- 2004 January: A section of Foster-Miller called LAST Armor worked with Sioux Manufacturing, and Velcro USA, Inc. to manufacture a ceramic door armor for the US Marines. This armor was designed for Humvees to protect against IEDs and small arms. The armor when damaged could be detached from the proprietary Velcro hook fastener system and using the tools included in the repair pack would allow new panels to be easily attached. This means that soldiers in the field do not need any tools, cutting, welding, and drilling to repair their vehicles.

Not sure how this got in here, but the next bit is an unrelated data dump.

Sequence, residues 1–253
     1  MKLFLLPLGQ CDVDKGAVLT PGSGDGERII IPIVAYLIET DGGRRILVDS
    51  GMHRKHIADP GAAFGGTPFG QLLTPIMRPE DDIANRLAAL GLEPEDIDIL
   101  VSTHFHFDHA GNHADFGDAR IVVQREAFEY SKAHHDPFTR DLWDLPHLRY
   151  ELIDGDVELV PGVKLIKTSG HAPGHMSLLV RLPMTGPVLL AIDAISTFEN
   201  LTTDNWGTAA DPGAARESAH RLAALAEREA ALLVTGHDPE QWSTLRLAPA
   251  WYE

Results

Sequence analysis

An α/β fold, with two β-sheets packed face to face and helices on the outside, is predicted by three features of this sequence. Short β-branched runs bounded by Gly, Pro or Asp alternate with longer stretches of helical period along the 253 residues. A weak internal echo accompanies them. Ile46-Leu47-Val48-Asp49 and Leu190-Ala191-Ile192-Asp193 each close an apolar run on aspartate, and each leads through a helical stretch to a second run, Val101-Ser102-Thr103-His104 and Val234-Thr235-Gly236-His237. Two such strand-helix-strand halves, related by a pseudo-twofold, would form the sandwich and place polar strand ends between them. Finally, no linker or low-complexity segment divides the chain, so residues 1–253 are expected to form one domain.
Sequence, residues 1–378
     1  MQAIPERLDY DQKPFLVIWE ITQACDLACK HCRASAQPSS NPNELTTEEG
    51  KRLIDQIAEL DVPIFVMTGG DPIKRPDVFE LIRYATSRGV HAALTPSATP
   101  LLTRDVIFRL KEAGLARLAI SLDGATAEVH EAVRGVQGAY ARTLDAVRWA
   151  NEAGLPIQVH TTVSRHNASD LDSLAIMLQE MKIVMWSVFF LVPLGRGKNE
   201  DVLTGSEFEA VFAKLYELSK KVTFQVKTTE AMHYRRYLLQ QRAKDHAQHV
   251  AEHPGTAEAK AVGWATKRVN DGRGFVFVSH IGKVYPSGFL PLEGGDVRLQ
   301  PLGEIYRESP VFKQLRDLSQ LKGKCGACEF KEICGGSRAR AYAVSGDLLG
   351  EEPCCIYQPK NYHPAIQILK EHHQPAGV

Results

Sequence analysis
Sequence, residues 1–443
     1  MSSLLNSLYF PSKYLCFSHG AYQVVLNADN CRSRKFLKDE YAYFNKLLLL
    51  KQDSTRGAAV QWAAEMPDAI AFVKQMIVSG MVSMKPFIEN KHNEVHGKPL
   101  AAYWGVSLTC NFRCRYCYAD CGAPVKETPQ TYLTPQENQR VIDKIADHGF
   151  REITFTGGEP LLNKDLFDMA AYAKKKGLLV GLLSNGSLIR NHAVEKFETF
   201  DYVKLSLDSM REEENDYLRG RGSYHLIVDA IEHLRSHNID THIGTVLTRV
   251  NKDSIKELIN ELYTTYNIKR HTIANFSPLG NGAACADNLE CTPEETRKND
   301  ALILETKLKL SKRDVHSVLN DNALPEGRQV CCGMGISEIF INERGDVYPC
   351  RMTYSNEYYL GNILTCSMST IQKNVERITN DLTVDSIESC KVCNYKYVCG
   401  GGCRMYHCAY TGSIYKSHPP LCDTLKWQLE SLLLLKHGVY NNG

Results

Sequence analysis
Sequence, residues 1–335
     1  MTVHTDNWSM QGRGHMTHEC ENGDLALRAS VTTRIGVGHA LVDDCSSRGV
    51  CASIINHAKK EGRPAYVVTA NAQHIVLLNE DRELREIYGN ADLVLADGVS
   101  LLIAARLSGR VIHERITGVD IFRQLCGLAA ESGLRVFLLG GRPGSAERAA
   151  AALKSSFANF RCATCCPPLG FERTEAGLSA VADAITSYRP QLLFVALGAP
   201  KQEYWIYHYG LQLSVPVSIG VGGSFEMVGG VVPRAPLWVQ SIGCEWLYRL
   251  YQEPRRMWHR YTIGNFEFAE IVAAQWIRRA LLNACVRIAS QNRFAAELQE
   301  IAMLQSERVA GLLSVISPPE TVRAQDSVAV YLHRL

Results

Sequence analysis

- 2004: Foster-Miller was working on the Stingray boat trapping net, the net carried by a helicopter would be carried over its target and dropped. The target vessel would then be entangled in the falling net damaging the boat's motor(s). The net was originally in development for the United States Coast Guard. In May however they were awarded a contract to work with Metal Storm to design and develop ship based defenses to counteract sea-skimming cruise missiles, small fast attack suicide bombing boats. The system, termed "Thunder and Lightning", uses Metal Storms concentrated bullet weapons fire ("thunder") with Foster-Millers Stingray incapacitating nets ("lightning"). 
In 2003–2004 Foster-Miller earned more than $100 million.